Definition of facile
1a (1) : easily accomplished or attained a facile victory (2) : shallow, simplistic I am not concerned … with offering any facile solution for so complex a problem — T. S. Eliotb : used or comprehended with easec : readily manifested and often lacking sincerity or depth facile tears
2 archaic : mild or pleasing in manner or disposition
facilelyplay \ˈfa-sə(l)-lē\ adverb
facilenessplay \ˈfa-səl-nəs\ noun
facile was our Word of the Day on 01/03/2008. Hear the podcast!
Examples of facile in a Sentence
But in the less palmy days of their marriage and the final years of his life, Lennon produced (with Yoko's help) shallow, facile recordings that cannibalized his early work. —Francine Prose, The Lives of the Muses, 2002
Melville shrank from atheism, and from all facile theisms. —John Updike, Hugging the Shore, (1983) 1984
… I saw that my old enemy was dead, Amy [Lowell], noble Amy. How I despised myself then for my facile self-pity and for my failure to die—how she seemed to have worsted me once again. —Conrad Aiken, 14 May 1925, in Selected Letters of Conrad Aiken, 1978
This problem needs more than just a facile solution.
He is a wonderfully facile writer.
Recent Examples of facile from the Web
Although Hitchcock dwells rather long and lovingly on some portions of the material, his facile directorial paint-brush, plus the intriguing backgrounds and interesting characters, combine to hold audience interest keyed up at all times.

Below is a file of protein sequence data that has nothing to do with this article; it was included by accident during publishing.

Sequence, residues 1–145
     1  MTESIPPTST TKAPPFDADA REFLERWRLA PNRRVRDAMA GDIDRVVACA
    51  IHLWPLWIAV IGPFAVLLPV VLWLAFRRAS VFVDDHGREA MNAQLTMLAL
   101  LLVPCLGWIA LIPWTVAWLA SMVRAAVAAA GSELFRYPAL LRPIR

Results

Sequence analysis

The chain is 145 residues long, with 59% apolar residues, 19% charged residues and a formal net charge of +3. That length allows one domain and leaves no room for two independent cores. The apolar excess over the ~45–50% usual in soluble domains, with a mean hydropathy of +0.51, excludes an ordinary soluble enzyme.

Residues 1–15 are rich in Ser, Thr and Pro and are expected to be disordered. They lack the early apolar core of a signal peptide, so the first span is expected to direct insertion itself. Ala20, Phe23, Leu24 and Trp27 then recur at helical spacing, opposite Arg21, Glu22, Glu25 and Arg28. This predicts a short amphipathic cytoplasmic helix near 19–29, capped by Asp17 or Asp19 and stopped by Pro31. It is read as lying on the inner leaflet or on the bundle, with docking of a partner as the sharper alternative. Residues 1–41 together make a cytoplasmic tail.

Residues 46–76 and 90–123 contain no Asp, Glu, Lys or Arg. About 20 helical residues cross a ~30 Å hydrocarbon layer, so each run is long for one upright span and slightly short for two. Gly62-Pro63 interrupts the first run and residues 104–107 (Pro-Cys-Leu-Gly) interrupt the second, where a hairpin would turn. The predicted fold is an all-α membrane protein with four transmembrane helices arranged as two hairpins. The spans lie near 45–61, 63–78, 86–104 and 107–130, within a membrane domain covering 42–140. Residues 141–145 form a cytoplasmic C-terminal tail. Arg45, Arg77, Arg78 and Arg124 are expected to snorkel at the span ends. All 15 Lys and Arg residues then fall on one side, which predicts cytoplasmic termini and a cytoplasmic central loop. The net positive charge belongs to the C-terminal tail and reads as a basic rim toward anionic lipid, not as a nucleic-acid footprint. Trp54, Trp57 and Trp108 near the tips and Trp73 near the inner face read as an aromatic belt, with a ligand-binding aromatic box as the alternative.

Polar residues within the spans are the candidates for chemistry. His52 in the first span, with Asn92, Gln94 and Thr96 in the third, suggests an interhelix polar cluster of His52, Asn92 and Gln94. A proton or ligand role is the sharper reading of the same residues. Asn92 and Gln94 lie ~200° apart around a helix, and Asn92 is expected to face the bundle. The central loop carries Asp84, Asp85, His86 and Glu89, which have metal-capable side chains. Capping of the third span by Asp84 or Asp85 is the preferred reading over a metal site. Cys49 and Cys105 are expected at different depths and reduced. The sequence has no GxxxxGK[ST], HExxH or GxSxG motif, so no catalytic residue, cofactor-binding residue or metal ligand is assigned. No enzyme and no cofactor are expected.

Still, if Mr. Martin’s take on grief is facile, the movie overall is a pleasant trip, and Dean’s doodles — by Mr. Martin himself —
Like snow leopards, Notekillers achieves this on a full-on, nonstop level without succumbing to noise or facile negativity — and may have even invented the concept, or at least a healthy chunk of it.
These example sentences are selected automatically from various online news sources to reflect current usage of the word 'facile'. Views expressed in the examples do not represent the opinion of Merriam-Webster or its editors. Send us feedback.
Did You Know?
Would you have guessed that "facile" and "difficult" are related? They are! "Facile" comes to us through Middle French, from the Latin word facilis, meaning "easy, and ultimately from facere, meaning "to make or do." "Difficult" traces to "facilis" as well, but its history also involves the negative prefix dis-, meaning "not." "Facile" can mean "easy" or "easily done," as befits its Latin roots, but it now often adds the connotation of undue haste or shallowness, as in "facile answers to complex questions."
Origin and Etymology of facile
Middle French, from Latin facilis, from facere to do — more at do
First Known Use: 15th century
Synonym Discussion of facile
FACILE Defined for English Language Learners
Definition of facile for English Language Learners
: too simple : not showing enough thought or effort
: done or achieved in a way that is too easy
: working, moving, or performing well and very easily
Seen and Heard
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